Gov. Daniels comments on State Fair report
Victims of the Indiana State Fair stage collapse are sharing another pot of money donated to the State Fair Relief Fund.
The families are splitting $114,000 collected after an initial payout of $900,000 in charity donations last December.
But what is the State of Indiana doing to prevent another tragedy?
Gov. Mitch Daniels responded for the first time Wednesday since the release of critical findings to questions about change and accountability. He commented on the IOSHA findings against the Indiana State Fair Commission.
Firefighters assigned to the Indiana State Fair knew what should happen as hundreds of fans stood outdoors last August, awaiting the Sugarland concert with severe weather approaching.
In radio dispatch tapes obtained from the night of the collapse, one firefighter asks the command post:
"Have they released fans from the grandstand yet?"
"I have no information on that," responded dispatch command. "I will check and advise," he added, just minutes before the structure toppled to the ground.
State labor investigators have determined the State Fair Commission failed to act in time.
"I trust that they came to a sound conclusion," said Gov. Daniels speaking publicly about the findings and accountability for the first time since the release of the official state report.
"You are a governor that has touted accountability. Why has there not been any accountability for the members of the Indiana State Fair Commission at this point?" questioned 13 Investigates.
"I want to wait until we have the professional report," said Daniels. "But that won't be the end of it. We're going to wait until we have the two larger reports of the overall event before we decide anything."
He's talking about the structural report on the cause of the collapse and an in-depth look at how Executive Director Cindy Hoye and her team responded before, during and after the tragedy.
At one point, Daniels attempted to deflect the severity of the labor findings and the blame.
"There's absolutely no way of knowing, and there's nothing in their report that said we would have had a different outcome, if they'd had a different plan in place," refuted the governor. "But that's no excuse for having the best possible plan," he conceded.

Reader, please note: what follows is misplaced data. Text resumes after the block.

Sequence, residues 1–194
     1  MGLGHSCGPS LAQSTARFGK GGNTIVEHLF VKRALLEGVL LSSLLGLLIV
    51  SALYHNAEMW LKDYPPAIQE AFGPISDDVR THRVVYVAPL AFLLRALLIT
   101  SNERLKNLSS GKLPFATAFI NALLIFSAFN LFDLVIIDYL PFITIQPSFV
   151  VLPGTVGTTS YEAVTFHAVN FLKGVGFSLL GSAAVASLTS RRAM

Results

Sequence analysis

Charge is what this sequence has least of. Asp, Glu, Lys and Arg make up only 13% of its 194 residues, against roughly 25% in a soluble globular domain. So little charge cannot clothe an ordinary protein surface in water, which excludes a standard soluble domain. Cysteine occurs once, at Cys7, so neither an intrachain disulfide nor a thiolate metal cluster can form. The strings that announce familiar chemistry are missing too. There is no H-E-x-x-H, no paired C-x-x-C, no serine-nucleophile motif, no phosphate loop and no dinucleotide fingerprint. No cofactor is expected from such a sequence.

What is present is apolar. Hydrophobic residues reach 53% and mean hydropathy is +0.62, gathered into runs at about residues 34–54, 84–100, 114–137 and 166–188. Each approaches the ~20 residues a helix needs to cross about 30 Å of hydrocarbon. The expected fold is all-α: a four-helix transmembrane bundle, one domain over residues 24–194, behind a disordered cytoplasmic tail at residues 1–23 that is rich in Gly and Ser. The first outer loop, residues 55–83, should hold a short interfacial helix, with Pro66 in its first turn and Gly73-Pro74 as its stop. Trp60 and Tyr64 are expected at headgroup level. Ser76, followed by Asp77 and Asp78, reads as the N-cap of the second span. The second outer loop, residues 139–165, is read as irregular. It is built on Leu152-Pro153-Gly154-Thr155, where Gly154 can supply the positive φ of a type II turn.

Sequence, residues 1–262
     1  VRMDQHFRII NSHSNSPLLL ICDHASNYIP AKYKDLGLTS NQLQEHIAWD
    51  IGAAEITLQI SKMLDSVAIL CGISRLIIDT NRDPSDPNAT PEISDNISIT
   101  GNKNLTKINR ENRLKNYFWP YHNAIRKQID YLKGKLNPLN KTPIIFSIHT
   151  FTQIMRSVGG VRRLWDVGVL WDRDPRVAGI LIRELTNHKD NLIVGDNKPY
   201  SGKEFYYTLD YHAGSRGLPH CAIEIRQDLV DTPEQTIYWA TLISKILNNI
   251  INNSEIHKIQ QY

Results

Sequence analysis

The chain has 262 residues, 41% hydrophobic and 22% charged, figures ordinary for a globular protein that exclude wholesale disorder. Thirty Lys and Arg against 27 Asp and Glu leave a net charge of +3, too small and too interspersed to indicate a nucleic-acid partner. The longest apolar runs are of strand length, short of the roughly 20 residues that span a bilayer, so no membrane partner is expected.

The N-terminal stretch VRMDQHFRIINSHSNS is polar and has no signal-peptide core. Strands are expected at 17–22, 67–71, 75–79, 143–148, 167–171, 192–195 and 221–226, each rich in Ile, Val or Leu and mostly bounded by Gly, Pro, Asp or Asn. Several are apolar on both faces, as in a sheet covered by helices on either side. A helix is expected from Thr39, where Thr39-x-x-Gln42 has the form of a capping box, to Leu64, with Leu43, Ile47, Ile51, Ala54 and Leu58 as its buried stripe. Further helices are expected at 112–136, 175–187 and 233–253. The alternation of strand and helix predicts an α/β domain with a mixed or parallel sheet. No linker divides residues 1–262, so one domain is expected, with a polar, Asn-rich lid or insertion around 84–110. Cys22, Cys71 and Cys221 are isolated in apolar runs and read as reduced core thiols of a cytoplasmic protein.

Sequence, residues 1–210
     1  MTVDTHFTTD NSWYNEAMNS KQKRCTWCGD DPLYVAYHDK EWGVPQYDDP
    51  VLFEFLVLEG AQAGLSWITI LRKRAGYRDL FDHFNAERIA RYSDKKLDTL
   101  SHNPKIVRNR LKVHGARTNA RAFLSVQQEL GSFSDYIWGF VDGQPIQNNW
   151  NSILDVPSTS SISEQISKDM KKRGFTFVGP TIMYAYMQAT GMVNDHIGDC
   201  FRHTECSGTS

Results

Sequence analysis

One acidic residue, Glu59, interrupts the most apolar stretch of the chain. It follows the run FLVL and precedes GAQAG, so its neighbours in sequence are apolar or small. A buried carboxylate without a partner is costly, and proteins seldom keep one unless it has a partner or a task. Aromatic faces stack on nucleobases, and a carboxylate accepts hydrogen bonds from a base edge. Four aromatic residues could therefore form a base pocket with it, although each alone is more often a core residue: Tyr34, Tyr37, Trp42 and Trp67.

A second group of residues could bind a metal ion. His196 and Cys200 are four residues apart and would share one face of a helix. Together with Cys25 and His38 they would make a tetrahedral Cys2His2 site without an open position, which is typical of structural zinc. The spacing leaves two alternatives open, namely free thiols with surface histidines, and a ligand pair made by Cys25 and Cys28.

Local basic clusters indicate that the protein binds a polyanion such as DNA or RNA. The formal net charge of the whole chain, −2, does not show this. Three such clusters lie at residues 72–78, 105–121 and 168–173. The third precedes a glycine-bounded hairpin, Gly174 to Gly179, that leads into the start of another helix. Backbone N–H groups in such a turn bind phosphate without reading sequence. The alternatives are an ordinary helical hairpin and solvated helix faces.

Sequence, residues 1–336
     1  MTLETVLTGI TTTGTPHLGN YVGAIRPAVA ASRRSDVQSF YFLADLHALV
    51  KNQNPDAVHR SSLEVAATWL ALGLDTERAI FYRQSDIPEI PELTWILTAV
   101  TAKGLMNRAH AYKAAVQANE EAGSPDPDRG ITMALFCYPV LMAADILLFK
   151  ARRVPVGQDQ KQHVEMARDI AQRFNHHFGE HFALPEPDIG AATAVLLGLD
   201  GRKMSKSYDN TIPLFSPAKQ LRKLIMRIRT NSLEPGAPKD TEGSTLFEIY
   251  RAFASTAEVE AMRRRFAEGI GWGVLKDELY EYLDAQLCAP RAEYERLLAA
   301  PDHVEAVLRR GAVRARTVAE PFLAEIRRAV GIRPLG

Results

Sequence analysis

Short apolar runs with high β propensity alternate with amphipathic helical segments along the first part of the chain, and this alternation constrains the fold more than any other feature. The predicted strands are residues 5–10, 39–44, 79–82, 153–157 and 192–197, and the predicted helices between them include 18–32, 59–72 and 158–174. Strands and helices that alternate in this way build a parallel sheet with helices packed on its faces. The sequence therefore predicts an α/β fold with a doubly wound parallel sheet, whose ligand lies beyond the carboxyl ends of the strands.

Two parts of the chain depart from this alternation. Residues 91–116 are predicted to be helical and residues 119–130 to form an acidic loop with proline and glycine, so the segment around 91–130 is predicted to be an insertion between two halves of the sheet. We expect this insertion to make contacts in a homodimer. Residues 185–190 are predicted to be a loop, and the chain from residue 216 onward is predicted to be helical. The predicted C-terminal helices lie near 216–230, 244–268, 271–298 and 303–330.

Not quite. When Labor Commissioner Lori Torres spoke about "not knowing," she was only speaking of injuries. She did in fact specifically call out the state's slow response.
"Clearly, had an earlier evacuation based upon timely national weather service information, as well as visual sightings of lightning in the sky before the collapse, would have changed things," Torres said a week ago.
Speaking of changes, dual bills in the House and Senate call for legislative changes requiring permits and inspections for all temporary outdoor stages.
Days after the collapse Daniels said he would support such a measure. On Wednesday he said, "We may be able to do it without legislation. One direct step that I have strongly encouraged is getting away from temporary stages."
Instead, Daniels said modernizing the Pepsi Coliseum is a "failproof" way of ensuring Indiana doesn't have a repeat.
Eyewitness News reported last week that IOSHA was imposing fines on Mid America Sound Corp., the Indiana State Fair Commission and IATSE Local 30 stagehands union in connection with the Aug. 13, 2011 disaster.
The state is fining Mid America $63,000 for three violations of the industry-accepted standards for outdoor entertainment events using temporary structures.
The report also found that the Indiana State Fair Commission failed to meet certain standards, including safety measures and exposure to severe weather. The Commission paid a $6,300 fine last week.
The stagehands union faces an $11,500 fine for violations related to protection, training and maintaining the required records.